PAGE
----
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BOOK REVIEW: LAST CHILD IN THE WOODS:
SAVING OUR CHILDREN FROM
NATURE-DEFICIT DISORDER
BY RICHARD LOUV

We hope you enjoy this book review by Caryn St. Clair.

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Author Louv's book, Last Child in the Woods Saving our Children from Nature-Deficit Disorder, is a nostalgic look back at a simpler childhood, a wake up call for parents and a guide for both teachers and parents alike all rolled into one thorough yet very readable book. In the introduction, Louv quotes one of his sons asking, “Dad, why was it more fun when you were a kid?” That question triggered a lengthy discussion which led Louv to examine what society has done to essentially cut today's children off from nature.

Although the book is divided into seven chapters, the topics covered basically fall into five categories: Why children need to play outdoors and be exposed to nature, Why children are not exposed to nature anymore and how we got to this point, How parents, teachers and anyone else in contact with children can change this situation, The spiritual side of communing with nature and finally, How to enlist the government in bringing about change.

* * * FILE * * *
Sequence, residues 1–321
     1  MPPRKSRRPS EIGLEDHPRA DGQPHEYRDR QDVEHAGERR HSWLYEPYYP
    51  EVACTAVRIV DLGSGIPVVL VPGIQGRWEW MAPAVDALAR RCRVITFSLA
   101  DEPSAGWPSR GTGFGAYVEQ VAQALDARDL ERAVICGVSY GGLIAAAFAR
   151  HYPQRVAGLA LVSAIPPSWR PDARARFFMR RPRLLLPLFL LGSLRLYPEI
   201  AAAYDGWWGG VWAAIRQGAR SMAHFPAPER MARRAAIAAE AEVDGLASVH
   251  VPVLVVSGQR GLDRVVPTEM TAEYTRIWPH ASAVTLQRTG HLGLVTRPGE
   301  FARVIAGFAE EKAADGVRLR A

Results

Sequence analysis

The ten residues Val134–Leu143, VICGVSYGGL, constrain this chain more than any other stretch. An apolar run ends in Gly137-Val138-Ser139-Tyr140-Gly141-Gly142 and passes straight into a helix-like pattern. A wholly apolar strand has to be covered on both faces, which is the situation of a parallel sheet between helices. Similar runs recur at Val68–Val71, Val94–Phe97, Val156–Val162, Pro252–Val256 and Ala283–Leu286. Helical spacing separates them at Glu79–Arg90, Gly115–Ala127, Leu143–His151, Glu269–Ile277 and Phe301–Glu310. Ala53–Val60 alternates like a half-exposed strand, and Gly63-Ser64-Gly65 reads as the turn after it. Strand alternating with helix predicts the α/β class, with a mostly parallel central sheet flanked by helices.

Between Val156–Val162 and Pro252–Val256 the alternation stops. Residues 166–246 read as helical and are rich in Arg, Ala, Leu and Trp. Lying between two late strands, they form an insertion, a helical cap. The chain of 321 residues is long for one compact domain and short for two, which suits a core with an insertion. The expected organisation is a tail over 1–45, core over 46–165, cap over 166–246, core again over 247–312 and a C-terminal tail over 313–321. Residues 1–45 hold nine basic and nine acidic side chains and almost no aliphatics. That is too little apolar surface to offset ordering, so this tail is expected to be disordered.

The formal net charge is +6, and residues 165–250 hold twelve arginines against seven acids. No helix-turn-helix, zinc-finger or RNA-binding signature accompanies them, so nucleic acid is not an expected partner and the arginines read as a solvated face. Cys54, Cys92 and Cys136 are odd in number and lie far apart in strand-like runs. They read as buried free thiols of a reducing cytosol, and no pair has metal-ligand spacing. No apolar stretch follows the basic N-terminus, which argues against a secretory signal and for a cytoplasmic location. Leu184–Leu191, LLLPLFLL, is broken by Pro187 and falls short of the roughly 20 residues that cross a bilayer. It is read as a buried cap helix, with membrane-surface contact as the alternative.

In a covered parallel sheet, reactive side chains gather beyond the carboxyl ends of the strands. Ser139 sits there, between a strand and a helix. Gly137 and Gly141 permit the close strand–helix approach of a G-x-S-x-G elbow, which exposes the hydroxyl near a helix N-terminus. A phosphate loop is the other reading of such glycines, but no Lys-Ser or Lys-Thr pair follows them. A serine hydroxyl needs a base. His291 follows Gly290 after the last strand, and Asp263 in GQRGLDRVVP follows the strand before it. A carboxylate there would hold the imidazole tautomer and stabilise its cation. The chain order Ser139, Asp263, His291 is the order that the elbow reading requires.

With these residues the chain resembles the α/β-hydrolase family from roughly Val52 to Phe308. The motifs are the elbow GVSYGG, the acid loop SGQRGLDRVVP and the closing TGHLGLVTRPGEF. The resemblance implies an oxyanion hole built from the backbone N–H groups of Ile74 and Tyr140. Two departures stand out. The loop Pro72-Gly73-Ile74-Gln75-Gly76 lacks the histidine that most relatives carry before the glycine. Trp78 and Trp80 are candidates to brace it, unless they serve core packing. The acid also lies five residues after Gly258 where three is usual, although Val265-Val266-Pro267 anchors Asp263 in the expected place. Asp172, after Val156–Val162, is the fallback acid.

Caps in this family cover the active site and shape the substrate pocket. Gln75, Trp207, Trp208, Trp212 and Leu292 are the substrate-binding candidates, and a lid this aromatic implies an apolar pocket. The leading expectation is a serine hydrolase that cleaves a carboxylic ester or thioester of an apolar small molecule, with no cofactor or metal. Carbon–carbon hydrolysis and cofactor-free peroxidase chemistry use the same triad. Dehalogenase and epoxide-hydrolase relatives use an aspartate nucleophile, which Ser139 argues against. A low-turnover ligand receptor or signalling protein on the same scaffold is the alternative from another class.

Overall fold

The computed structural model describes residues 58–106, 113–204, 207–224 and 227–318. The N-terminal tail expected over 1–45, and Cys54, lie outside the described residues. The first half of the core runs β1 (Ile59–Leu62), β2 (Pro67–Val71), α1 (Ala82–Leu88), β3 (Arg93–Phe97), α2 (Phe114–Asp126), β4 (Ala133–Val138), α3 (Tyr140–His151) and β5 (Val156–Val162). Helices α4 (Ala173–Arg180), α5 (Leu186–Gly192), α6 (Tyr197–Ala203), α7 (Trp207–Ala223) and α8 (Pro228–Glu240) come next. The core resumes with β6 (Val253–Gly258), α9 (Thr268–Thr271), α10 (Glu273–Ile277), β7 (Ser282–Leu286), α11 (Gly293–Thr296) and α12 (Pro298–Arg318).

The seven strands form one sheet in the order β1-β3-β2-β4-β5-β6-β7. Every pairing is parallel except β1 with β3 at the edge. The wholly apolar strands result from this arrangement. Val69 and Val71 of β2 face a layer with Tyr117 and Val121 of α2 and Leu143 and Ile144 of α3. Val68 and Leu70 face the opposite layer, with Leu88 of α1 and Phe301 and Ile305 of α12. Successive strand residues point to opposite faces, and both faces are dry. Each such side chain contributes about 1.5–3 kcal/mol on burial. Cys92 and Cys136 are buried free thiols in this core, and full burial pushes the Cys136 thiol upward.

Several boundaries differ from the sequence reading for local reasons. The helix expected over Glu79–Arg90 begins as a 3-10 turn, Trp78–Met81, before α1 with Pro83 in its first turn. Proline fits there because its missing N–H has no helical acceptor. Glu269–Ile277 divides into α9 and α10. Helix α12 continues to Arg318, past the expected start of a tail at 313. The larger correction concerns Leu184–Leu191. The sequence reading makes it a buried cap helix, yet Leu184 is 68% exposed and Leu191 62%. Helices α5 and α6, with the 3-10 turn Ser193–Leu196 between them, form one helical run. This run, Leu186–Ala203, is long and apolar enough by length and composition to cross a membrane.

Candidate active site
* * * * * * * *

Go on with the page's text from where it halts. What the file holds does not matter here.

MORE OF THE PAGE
The book is a chatty discussion of each topic with personal examples from the author's own experiences, as well as a sort of “how to” manual. First published in 2005, this new edition has been updated with the latest research and now contains three wonderful appendix. The first is titled Notes from the Field, which covers the movement to get kids and nature reacquainted. The second is 100 Actions We Can Take, a list of literally 100 ideas that individuals can take to become more nature oriented. It is divided into sections for families (with a book list included), communities, and educators. The third section is Discussion Points for people wishing to join together to work for change in communities or schools.

This is an extremely well thought out and user friendly book. It's one that anyone, whether you have a child living with you or not, would benefit from reading and keeping handy as a reference book.

REVIEWED BY CARYN ST. CLAIR

DO NOT REPRINT WITHOUT PERMISSION OF THE REVIEWER, CARYN ST. CLAIR


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